For the past two weeks, research work has confirmed clinical observations. A study published in late March in the Journal of the American Medical Association by Italian researchers, involving 955 deceased patients, established that 35% were diabetic. “We thought that only severe diabetics were concerned. Not at all, small diabetics are too. We have even discovered diabetes during hospitalization ”, points to Professor Lescure.

1er April, a new Chinese study published in The Lancet confirmed the role of the body mass index: out of 383 coronavirus patients admitted to a hospital in Shenzhen, 42% were overweight or obese. Researchers conclude: overweight people have an 86% chance of developing a severe form of Covid-19. Those who suffer from obesity have “Showed a 2 to 42 times higher probability of developing severe pneumonia” than other patients. The danger is real even for young patients: “Obesity is often the only risk factor for patients under 50 years of age in intensive care in Bichat”, says Professor Lescure. What confirms Professor Lila Bouadma, resuscitator at Bichat Hospital : “We have patients, young people, who were in perfect health, with only one weight problem.” A phenomenon that has not yet been elucidated. “Maybe it’s due to the fat cells that let the virus pass more easily”, wonders Karine Lacombe. It is also possible that being overweight amplifies the inflammatory reactions induced by the presence of the coronavirus in the body.

Another characteristic of heavily affected patients, which was already reported in the first Chinese study, caught infectious disease specialists short: gender inequality. “The coronavirus infects men and women in the same proportions but 80% of our intensive care patients are men”, notes Professor Lescure. This difference in resistance between the two sexes is not elucidated. Assumptions flourish. Researchers are particularly interested in the role of an enzyme (ACE2 installed on the X chromosome), essential in the production of estrogen, known for its anti-inflammatory influence.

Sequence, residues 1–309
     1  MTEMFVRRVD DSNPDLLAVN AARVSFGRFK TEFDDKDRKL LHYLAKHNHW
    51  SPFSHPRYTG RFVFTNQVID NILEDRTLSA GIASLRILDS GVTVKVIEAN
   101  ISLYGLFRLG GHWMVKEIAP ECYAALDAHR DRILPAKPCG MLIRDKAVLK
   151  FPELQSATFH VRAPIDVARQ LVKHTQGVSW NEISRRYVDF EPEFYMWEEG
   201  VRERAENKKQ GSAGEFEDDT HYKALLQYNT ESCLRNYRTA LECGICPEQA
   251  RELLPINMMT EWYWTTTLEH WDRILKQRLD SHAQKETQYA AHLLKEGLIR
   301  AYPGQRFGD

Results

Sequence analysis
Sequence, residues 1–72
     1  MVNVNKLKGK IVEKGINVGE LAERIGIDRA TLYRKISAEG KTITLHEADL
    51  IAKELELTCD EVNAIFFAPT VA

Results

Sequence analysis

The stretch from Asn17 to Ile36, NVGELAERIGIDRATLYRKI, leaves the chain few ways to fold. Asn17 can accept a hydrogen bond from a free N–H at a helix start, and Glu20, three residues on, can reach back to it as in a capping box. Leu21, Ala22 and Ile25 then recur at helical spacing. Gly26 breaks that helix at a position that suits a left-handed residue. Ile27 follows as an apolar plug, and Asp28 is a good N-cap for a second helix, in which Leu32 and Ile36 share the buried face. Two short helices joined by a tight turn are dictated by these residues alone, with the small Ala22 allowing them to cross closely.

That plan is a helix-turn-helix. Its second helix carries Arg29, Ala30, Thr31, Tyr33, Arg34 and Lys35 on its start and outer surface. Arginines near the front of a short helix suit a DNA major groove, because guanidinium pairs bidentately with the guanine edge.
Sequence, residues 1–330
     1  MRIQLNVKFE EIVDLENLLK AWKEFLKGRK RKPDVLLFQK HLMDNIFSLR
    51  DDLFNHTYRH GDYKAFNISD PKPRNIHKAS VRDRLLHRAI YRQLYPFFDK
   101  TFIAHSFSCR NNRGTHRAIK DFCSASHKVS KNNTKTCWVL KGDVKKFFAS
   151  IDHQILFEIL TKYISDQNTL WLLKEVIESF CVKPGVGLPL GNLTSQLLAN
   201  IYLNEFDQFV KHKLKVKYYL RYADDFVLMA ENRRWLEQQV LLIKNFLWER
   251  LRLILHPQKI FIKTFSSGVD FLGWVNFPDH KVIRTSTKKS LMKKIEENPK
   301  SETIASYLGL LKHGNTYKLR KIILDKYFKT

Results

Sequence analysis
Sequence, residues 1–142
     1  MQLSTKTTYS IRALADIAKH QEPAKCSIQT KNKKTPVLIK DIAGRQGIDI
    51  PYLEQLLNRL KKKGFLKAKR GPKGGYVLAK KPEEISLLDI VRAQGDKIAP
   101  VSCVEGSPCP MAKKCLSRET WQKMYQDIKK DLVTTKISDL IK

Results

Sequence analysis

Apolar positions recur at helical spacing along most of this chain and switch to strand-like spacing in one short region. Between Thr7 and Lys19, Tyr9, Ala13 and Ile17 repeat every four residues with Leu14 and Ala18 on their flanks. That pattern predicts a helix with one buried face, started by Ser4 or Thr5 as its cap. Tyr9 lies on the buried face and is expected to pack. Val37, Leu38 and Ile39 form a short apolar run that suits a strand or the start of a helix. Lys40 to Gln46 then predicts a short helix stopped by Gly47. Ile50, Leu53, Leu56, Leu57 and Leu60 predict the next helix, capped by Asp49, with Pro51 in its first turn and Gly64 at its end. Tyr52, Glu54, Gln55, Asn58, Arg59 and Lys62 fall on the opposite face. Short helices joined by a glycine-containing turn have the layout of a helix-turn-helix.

How is the infection going?

The pattern is often repeated identically. In one in five cases, Covid-19 infection requires hospitalization for respiratory distress. A majority of these severely affected patients then have severe pneumonia with bilateral involvement, according to the WHO. Respiratory support is not always enough to overcome the infection. About seven days after the first symptoms appear, some patients suddenly get worse, with an inflammatory over-reaction of the immune system, known as the “cytokine storm”. However, this runaway can be fatal: instead of defending the body against inflammation, cytokines destroy not only infected cells but also healthy tissue in the lungs, heart or kidneys. Assessment: 20% of severe forms of Covid-19 have heart damage linked to the immune reaction. Professor Lacombe: “Compared to the first few weeks, the change is spectacular. We are facing an immunological disease much more than viral as we might have thought. It’s new. ” Professor Pialoux completes: “Like the first Chinese death on French soil, 10% of intensive care patients die not from the coronavirus directly but from pulmonary complications and sometimes pulmonary embolism. Such vascular complications have never been seen with influenza or SARS. “

Professor Lescure summarizes: “Clinical observation has allowed us to identify three sides of the disease. The first is infectious, viral. But in a certain number of serious patients, the inflammatory aspect becomes preponderant after the runaway of the immune system. The last side is vascular: the disease causes microvascular damage, thrombosis, which is supposed to be linked to inflammation, without being certain. “

When are you immunized and for how long?

This is a key point, and of particular interest to the High Scientific Council, currently mobilized on possible scenarios of deconfinement. In this area, he must do with good news, very bad news and a lot of uncertainty.